King Solomon comes to mind when we think of someone who had more wealth than anyone in the world and yet was miserable. He said that having everything you could ever imagine cannot satisfy and is what he called vanity.

Sadly, many believe if they could win the lottery, have their dream house, a flashy car or marry that amazing person, they would be happy, and there is nothing wrong with having these things until they begin to have us. There is only one thing that can truly satisfy the physical, mental, emotional and spiritual needs of the human experience and that is having a personal relationship with God.

He wants to bless us so that we can live an abundant life and also be a blessing to others. Remember the man in Luke chapter 12 who tore down his barns so that he could build larger ones? God was not pleased with him being so insensitive and self-absorbed.

The end of our verse in Ecclesiastes talks about how the person who works hard and obeys God can rest in peace, but those who love riches are always frustrated with stress and anxiety.

I remember when I was a young boy, my dad worked for a very wealthy man. This person was in the construction and developing industry and built subdivisions and shopping centers and owned several farms and so on. He would drive out to the job sites and tell my dad to get in his Lincoln and they would go for a drive and chat.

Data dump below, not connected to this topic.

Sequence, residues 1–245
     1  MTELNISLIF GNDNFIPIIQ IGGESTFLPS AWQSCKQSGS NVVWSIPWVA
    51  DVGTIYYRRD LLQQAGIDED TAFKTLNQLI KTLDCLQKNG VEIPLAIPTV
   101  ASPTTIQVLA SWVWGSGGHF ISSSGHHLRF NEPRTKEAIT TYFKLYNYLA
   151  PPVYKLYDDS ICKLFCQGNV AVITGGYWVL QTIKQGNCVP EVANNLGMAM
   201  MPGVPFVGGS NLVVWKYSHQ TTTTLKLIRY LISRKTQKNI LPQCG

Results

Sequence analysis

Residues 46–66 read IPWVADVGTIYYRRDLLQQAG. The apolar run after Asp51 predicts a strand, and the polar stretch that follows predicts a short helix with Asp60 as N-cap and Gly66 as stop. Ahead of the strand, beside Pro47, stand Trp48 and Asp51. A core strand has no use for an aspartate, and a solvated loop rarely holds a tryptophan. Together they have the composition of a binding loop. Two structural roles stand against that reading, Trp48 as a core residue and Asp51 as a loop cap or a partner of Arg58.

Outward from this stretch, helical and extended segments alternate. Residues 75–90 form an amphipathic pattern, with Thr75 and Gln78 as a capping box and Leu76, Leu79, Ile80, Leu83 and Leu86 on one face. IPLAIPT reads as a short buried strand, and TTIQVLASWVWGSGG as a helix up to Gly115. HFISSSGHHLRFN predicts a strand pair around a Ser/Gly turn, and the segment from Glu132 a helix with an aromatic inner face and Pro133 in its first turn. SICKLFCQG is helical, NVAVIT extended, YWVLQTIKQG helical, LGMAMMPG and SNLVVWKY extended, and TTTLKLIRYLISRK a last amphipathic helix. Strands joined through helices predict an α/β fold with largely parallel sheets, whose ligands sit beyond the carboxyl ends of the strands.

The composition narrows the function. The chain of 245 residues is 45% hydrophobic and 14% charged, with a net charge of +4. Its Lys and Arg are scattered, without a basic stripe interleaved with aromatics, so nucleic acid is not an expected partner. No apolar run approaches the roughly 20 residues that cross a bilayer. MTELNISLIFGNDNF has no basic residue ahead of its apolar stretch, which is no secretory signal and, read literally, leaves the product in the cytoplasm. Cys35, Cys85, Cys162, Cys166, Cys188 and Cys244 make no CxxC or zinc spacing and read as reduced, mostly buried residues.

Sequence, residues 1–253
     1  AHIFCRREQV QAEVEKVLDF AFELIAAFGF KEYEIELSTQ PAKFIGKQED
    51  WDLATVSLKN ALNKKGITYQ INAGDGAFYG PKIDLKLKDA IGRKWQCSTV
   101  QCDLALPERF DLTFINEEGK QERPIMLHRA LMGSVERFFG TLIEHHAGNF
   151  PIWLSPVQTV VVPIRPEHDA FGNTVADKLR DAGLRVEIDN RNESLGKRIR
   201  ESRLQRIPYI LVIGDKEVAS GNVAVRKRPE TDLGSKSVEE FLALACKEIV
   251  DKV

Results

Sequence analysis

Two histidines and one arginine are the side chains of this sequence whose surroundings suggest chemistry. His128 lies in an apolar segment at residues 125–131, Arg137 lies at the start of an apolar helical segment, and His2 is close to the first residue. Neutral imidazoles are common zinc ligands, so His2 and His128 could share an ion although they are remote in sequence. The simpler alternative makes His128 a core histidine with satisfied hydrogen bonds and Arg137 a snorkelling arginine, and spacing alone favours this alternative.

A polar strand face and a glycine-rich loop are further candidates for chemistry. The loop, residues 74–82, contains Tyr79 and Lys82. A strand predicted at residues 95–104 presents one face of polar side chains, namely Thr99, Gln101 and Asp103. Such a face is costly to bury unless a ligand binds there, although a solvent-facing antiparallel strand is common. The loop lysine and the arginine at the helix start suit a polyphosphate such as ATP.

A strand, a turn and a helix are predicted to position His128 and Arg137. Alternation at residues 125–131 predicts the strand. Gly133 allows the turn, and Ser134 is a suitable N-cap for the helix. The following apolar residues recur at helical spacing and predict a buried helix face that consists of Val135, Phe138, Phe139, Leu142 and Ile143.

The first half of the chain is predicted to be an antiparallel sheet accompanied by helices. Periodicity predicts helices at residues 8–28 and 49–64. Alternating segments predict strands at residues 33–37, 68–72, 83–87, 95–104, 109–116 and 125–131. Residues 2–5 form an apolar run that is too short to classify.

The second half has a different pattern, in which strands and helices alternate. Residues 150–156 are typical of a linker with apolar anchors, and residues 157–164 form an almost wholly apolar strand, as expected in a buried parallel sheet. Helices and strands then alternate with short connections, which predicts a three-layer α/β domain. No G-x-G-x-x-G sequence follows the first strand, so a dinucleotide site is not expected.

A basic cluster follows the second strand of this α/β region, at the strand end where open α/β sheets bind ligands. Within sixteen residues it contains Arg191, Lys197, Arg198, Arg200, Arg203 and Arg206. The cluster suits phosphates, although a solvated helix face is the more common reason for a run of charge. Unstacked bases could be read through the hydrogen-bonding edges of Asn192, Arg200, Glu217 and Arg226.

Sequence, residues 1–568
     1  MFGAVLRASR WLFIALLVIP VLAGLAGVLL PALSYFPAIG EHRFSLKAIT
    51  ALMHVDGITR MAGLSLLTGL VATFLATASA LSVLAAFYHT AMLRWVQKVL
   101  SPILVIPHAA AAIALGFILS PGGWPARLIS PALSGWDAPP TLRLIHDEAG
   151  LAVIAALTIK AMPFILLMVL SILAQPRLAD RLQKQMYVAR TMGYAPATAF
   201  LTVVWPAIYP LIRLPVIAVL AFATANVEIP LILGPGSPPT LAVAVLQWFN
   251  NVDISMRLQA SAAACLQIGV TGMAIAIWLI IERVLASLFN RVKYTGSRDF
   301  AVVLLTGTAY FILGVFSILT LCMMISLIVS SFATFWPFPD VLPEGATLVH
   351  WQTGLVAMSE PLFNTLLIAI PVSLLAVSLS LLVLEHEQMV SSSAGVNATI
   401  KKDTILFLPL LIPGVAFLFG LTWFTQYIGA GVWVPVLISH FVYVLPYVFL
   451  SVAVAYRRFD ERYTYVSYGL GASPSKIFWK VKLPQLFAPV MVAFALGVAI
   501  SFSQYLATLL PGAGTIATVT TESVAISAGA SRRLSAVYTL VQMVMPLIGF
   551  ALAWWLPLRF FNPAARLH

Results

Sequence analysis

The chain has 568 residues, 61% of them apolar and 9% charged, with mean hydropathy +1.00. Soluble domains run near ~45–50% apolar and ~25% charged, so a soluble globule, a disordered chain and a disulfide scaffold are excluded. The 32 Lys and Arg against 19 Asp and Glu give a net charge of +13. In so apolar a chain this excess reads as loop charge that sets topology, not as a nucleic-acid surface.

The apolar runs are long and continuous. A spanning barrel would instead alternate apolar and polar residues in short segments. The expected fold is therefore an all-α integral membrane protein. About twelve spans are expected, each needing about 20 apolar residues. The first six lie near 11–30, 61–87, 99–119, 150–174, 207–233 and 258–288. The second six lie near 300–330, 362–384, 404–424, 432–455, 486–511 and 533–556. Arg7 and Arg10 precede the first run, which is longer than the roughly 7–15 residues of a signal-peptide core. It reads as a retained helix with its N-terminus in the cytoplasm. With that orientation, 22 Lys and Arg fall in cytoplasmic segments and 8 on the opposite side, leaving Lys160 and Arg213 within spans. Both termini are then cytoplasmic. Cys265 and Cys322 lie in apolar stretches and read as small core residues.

He would tell my dad that he had not slept all night because he was watching the stock market and was consumed about losing money. Instead of being grateful and filled with joy with what God had helped him accumulate, he was nearly in tears and afraid that he might not be making the right decisions. He was obsessed with his riches, and even though he had more than he could ever spend, he was being controlled and incarcerated in the darkness of fear and gloom.

We were created to love our Creator and be generous, not to allow the pride of materialism to lure us into a state of disappointment and depression. Whatever consumes our mind controls our life.

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The more we focus on our possessions, the more entangled and distracted we are from our priorities. However, the more we seek and love God and commune with Him, the more we will reflect His attributes.

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Dr. William F. "Billy" Holland Jr. is an ordained minister, community chaplain and author of the "Living on Purpose" faith column. He lives in central Kentucky with his wife, Cheryl.

Related Topics: FAITH
Dr. William F. "Billy" Holland Jr. is an ordained minister, community chaplain and author of the "Living on Purpose" faith column. He lives in central Kentucky with his wife, Cheryl. Read more at billyhollandministries.com.